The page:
Shelf Awareness for Monday, November 16, 2015


Chooseco: Chimera (Weregirl #2) by C.D. Bell

Riverhead Books: My Absolute Darling by Gabriel Tallent

Barron's Educational Series: Dear Dinosaur: With Real Letters to Read! by Chae Strathie, illustrated by Nicola O'Byrne

Timber Press: Saving Tarboo Creek: One Family's Quest to Heal the Land by Scott Freeman

HarperCollins: Laura's Album: A Remembrance Scrapbook of Laura Ingalls Wilder by William Anderson

News

In Paris, Shakespeare & Co. 'Refuge from Atrocities'

Our hearts go out to the victims and friends and family of the ISIS attacks in Paris on Friday.

Livres Hebdo reported that two young editors died in the attacks: "Lola Salines, 29, a children's book editor in the Edi 8 department at Gründ, which is part of the Editis group, and Ariane Theiller, 23, who worked at Rustica Hebdo, which is part of the Média Participations group." Both were at the concert at the Bataclan. (Via the Bookseller.)

Friday night, iconic Shakespeare & Co. became a refuge for at least 20 people as the store embodied its own prominent sign, a verse from the Bible: "Be not inhospitable to strangers lest they be angels in disguise."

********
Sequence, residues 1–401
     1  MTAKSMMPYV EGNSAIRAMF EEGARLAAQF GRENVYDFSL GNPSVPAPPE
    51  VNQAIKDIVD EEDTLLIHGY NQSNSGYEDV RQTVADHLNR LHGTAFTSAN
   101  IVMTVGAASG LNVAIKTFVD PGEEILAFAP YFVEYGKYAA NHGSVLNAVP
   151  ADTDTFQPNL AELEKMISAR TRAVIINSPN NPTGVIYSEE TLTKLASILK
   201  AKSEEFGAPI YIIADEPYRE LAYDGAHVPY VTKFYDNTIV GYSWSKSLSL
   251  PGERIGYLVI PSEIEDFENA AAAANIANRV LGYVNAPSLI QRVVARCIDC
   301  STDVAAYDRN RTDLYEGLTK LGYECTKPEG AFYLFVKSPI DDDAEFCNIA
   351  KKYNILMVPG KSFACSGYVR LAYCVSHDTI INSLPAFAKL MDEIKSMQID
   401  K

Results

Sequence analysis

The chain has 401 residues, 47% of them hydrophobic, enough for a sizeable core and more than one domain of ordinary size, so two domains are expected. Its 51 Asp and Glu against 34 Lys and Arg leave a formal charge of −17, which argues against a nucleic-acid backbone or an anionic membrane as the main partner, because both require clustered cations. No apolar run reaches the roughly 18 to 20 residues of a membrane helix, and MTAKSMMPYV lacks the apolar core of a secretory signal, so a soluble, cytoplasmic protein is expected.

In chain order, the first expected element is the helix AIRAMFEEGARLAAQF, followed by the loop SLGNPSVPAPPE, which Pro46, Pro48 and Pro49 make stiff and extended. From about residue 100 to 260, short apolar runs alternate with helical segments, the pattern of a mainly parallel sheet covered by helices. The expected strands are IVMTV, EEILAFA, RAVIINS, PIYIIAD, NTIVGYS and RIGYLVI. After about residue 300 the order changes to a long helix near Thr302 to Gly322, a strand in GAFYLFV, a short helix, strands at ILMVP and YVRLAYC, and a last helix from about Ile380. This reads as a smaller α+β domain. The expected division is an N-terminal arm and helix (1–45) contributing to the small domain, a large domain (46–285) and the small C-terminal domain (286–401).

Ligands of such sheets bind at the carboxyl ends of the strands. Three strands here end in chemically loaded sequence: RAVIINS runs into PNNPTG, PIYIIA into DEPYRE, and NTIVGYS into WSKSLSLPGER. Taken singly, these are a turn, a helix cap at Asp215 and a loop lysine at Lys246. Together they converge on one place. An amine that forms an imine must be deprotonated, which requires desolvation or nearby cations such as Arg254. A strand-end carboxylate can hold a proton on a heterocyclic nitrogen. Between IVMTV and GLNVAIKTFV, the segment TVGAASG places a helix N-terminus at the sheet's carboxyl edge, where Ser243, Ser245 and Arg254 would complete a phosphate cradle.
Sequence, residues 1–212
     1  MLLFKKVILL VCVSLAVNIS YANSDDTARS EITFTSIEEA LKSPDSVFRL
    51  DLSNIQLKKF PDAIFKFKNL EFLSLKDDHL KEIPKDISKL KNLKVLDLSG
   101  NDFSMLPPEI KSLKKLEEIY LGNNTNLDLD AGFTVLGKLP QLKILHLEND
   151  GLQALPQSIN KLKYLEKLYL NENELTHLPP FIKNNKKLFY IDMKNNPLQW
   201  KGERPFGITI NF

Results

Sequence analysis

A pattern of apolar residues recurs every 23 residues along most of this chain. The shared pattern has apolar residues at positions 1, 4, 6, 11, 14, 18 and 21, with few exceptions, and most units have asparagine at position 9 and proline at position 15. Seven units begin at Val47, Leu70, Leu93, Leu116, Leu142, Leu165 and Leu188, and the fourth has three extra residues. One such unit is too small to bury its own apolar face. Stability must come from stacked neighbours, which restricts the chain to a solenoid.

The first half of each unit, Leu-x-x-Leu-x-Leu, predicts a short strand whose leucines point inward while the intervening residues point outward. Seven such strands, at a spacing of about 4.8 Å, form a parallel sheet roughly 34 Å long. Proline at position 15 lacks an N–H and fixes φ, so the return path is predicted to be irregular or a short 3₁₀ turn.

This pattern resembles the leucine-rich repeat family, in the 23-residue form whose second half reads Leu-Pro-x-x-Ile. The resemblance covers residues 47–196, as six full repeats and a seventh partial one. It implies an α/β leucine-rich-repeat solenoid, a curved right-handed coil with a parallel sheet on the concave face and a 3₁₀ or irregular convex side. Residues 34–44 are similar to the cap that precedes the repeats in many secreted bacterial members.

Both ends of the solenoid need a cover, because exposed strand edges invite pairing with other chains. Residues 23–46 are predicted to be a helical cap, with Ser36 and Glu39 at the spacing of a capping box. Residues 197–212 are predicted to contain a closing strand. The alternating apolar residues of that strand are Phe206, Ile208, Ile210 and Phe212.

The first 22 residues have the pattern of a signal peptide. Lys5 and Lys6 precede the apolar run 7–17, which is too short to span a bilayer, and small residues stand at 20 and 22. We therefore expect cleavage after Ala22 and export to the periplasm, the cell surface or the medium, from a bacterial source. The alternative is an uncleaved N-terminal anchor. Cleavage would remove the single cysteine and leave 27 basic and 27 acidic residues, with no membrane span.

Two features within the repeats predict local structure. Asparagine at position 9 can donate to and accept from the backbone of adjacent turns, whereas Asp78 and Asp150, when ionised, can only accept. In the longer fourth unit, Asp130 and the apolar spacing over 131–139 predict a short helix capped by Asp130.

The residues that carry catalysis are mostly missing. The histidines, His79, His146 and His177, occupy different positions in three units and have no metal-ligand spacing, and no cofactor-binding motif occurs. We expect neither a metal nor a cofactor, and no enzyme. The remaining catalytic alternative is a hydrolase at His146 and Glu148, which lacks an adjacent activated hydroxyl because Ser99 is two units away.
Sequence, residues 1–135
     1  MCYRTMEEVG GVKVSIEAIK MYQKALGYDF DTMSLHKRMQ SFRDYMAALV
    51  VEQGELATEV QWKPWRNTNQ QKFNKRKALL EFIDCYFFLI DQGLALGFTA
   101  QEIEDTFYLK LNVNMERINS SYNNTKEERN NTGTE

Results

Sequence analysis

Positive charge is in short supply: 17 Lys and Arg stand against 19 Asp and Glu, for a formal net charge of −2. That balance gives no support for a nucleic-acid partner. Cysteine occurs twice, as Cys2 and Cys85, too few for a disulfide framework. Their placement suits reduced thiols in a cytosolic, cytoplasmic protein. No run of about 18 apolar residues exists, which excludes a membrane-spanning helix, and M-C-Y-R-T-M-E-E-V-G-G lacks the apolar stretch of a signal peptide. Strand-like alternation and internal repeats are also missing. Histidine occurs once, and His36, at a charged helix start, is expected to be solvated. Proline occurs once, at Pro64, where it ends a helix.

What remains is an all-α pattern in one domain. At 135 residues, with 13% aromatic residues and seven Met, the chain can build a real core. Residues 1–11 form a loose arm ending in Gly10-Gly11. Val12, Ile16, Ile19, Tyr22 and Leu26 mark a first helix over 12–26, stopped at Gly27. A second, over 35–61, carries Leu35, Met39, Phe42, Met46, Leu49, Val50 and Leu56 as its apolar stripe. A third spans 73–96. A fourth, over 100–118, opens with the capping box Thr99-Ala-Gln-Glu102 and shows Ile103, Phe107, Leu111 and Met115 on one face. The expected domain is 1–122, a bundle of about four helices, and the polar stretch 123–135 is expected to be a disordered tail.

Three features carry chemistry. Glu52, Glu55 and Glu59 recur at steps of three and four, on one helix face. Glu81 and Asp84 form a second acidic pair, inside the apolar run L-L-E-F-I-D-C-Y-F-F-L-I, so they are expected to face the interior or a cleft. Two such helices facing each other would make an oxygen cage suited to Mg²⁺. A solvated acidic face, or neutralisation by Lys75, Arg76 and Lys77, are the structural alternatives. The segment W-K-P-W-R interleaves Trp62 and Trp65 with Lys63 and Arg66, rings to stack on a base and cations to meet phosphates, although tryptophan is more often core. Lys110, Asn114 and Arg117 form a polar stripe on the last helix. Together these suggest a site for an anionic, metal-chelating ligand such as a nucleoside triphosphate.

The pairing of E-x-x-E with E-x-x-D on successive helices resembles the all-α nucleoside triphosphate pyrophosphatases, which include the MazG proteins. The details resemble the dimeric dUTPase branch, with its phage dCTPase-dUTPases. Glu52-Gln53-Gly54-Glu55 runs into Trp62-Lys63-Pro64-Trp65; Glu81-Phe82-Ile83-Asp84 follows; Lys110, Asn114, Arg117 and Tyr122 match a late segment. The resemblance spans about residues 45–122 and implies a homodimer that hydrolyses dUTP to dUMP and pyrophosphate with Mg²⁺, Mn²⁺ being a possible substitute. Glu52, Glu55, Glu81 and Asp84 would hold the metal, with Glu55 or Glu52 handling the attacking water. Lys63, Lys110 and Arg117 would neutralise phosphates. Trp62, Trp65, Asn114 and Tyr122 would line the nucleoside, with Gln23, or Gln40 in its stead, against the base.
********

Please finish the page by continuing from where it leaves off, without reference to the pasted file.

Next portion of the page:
On Friday night, Harriet Alida Lye, a Canadian writer-in-residence living above Shakespeare & Co., wrote to the Guardian about the mood in the store: "We are safe in a bookshop, with the windows blacked out. There are about 20 customers with us who've been sat here for hours calling home. I haven't seen anything but police cars go by, and people stumbling out of bars in central Paris who clearly have no idea what is going on. We are all taking breaks between calling people and checking the news. We're saying it feels like this must be part of something bigger, like we are being senselessly attacked. It feels really close to home, because Paris is just so small and the attacks are all over the city. There are sirens constantly and going in every direction. The lights of Notre Dame have been turned off, which never happens at this time of night."